Dawes v. Walker, 239 F.3d 489, 491 (2d Cir. 2001), overruled on other grounds, Swierkiewicz v.
Sorema N.A., 534 U.S. 506, 122 S. Ct. 992, 152 L. Ed. 2d 1 (2002) (internal quotation marks and
citations omitted). The "test is objective, not subjective, and must be so, since the very
commencement of a lawsuit would otherwise be dispositive on the issue of chilling." Davidson v.
Bartholome, 460 F. Supp. 2d 436, 447 (S.D.N.Y. 2006) (citations omitted).
In determining whether a causal connection exists between the plaintiff's protected activity
and a prison official's actions, factors to be considered include: "(i) the temporal proximity
between the protected activity and the alleged retaliatory act; (ii) the inmate's prior good
disciplinary record; (iii) vindication at a hearing on the matter; and (iv) statements by the
defendant concerning his or her motivation." Cole v. New York State Department of Correctional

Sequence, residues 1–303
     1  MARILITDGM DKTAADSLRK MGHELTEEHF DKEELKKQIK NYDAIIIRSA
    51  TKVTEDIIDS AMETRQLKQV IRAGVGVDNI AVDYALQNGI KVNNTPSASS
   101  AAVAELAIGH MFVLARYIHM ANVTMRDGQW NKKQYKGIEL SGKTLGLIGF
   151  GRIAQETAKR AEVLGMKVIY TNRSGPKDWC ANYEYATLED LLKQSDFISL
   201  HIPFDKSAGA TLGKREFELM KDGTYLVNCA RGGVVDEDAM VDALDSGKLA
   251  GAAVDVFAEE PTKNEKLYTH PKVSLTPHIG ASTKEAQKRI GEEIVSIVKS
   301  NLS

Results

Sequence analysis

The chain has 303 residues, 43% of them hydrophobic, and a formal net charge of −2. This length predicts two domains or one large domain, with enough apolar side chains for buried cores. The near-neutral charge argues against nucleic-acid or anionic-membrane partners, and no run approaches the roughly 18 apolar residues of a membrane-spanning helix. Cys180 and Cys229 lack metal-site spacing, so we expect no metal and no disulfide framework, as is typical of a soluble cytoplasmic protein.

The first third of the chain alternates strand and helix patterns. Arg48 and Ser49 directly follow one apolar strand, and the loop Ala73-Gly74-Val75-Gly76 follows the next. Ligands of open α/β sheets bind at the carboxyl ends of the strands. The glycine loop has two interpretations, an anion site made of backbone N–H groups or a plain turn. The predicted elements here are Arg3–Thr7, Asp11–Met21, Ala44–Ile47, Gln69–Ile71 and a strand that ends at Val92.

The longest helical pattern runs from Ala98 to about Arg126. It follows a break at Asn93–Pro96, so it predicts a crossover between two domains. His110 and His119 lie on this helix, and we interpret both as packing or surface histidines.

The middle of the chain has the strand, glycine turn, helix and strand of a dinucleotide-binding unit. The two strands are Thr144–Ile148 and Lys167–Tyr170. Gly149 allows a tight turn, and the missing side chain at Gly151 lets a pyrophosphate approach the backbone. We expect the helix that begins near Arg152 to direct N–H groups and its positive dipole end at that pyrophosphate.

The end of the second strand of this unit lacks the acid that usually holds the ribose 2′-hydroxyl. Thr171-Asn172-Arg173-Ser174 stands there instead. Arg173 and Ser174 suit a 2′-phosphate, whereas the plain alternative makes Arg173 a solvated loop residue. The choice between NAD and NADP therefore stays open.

Services, No. 9:10-CV-1098, 2012 WL 4491825, *11 (N.D.N.Y. Aug. 31, 2012) (citing Colon, 58
F.3d at 872-73).
Upon satisfying his initial burden, "the burden shifts to defendants to establish that the
same adverse action would have been taken even in the absence of the plaintiff's protected
conduct, i.e., 'even if they had not been improperly motivated.'" Davidson v. Desai, 817 F. Supp.
2d 166, 194 (W.D.N.Y. 2011) (quoting Graham, 89 F.3d at 80). "At the summary judgment
stage, if the undisputed facts demonstrate that the challenged action clearly would have been
taken on a valid basis alone, defendants should prevail." Davidson v. Chestnut, 193 F.3d 144,
149 (2d Cir. 1999); see also Murray v. Hulihan, 436 Fed. Appx. 22, 23 (2d Cir. 2011)
("Defendants cannot be liable for First Amendment retaliation if they would have taken the
adverse action even in the absence of the protected conduct").